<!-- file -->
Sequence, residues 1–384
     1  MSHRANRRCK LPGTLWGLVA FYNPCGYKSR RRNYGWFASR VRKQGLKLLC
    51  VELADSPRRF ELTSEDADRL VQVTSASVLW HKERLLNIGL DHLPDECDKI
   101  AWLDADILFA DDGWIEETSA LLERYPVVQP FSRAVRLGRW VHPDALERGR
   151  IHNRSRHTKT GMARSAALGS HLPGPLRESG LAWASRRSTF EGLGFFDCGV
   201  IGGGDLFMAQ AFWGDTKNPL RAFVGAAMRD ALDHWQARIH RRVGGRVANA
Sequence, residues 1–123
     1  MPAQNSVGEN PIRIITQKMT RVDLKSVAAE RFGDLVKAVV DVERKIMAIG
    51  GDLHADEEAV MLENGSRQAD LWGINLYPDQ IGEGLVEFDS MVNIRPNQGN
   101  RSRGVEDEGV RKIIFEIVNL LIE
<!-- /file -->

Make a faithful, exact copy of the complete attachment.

Sequence, residues 1–384
     1  MSHRANRRCK LPGTLWGLVA FYNPCGYKSR RRNYGWFASR VRKQGLKLLC
    51  VELADSPRRF ELTSEDADRL VQVTSASVLW HKERLLNIGL DHLPDECDKI
   101  AWLDADILFA DDGWIEETSA LLERYPVVQP FSRAVRLGRW VHPDALERGR
   151  IHNRSRHTKT GMARSAALGS HLPGPLRESG LAWASRRSTF EGLGFFDCGV
   201  IGGGDLFMAQ AFWGDTKNPL RAFVGAAMRD ALDHWQARIH RRVGGRVANA
Sequence, residues 1–123
     1  MPAQNSVGEN PIRIITQKMT RVDLKSVAAE RFGDLVKAVV DVERKIMAIG
    51  GDLHADEEAV MLENGSRQAD LWGINLYPDQ IGEGLVEFDS MVNIRPNQGN
   101  RSRGVEDEGV RKIIFEIVNL LIE